Recent news articles reporting skin allergies caused by underwear has brought the issue of textile finishing chemicals to the forefront of not only the fashion industry, but the general media. Comfort in underwear has taken on a larger role to include the health of the wearer in what was once considered an unseen, unmentioned utilitarian item in everyone’s wardrobe.
In November 2008, reports circulated that US lingerie giant, Victoria’s Secret was being sued by dozens of women claiming painful rashes after wearing the Angel Secret Embrace Bra. Lawyers on their behalf, filed a law suit in May of 2008 and had laboratories test the bras. Tests detected formaldehyde, often used in the textile industry to make fabrics crease resistant. A judge will decide next year if the lawsuit can be brought against Victoria’s Secret and if a class action can proceed. While the results are not yet in for this particular case, it raises questions about the use of textile finishes in the textile industry as a whole, and the underwear industry specifically.
Textile finishing chemicals may seem to some as the answer to their wardrobe worries. Modern life dictates convenience, simpler lifestyles, less housework and antiseptic environments. With finishes claiming benefits of softening, easy care and durable press, repellent, soil release, flame retardant, non-slip, anti-static, anti-pilling, color fastness, ultraviolet protection, heat absorption and release, antimicrobial, insect resistant, mite repellant, and novel finishes such as anti-odor and fragrance, it is hard to argue initially against the use of such chemicals. Daiwa Chemical Industries Inc. for example, reports of successful agents (Prethermo C-25 and C-31) used to alter heat absorption and heat release to maintain a comfortable temperature for underwear, shirts and bedding. For those living in warmer climates this comes as good news.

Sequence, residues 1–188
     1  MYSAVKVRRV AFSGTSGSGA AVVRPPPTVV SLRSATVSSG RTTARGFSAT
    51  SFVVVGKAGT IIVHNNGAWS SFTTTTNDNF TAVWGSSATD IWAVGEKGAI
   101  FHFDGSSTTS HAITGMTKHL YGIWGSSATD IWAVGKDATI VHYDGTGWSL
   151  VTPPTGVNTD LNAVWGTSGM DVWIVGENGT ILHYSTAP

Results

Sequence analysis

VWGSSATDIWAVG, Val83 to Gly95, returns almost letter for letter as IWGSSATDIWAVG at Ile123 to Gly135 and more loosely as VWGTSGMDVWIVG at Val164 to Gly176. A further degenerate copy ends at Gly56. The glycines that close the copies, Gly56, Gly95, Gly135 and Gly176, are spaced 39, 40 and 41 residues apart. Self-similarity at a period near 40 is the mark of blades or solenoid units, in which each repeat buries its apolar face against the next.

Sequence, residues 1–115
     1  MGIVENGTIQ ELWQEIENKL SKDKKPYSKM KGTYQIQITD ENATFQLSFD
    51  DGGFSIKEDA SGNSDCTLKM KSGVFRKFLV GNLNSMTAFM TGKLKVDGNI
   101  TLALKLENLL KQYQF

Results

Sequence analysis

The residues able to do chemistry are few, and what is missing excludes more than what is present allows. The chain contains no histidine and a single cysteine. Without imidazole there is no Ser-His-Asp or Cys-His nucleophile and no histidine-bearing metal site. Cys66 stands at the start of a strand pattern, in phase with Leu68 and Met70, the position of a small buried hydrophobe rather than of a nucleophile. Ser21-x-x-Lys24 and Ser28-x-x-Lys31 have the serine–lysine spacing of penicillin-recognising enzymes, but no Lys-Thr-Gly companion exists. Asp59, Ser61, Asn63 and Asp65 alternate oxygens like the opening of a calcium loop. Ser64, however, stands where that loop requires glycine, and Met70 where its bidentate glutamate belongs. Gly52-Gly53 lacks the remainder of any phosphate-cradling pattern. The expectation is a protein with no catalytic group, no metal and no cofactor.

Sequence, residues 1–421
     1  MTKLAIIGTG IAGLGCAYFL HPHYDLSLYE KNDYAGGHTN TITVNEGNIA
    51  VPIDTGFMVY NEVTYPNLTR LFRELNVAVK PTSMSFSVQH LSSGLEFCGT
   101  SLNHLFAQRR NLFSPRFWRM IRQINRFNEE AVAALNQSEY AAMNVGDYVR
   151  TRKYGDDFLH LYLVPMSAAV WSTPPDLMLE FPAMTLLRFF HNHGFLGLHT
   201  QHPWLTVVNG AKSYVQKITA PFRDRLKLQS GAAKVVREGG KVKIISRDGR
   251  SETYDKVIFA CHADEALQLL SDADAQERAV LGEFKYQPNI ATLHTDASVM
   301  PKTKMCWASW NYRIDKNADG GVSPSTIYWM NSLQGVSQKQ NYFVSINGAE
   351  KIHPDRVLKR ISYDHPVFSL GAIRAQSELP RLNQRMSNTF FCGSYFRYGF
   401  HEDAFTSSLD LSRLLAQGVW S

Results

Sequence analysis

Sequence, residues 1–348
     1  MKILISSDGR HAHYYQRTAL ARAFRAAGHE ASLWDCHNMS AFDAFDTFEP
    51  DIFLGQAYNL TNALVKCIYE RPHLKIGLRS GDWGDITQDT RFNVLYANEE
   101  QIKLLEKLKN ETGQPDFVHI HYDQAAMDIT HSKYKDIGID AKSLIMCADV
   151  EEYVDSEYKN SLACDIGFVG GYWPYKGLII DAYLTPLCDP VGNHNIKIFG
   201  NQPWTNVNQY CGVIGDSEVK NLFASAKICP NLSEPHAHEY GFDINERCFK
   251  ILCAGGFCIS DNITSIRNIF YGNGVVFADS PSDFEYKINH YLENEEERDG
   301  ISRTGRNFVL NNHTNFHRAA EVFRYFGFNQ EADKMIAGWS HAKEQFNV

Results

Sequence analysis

However, the associated negative side effects of these chemicals are becoming apparent. Industrial guides, Government agencies and Science journals are investigating and reporting on health concerns of the use of textile finishers. Industrial guides such as Chemical Finishing of Textiles by Wolfgang D Schindler and Peter J Hauser (2004), and Textile Finishing Chemicals, An Industrial Guide by Ernest W Flick (1990) describe over 3,000 textile finishing chemicals compiled from 74 manufacturers and distributors of these chemicals, currently available for industrial use. Flick’s book provides a warning notice at the start of his book saying: “In some cases, textile finishing chemicals could be toxic and therefore due caution should be exercised.” It appears then that this 18 year old issue is not a new one.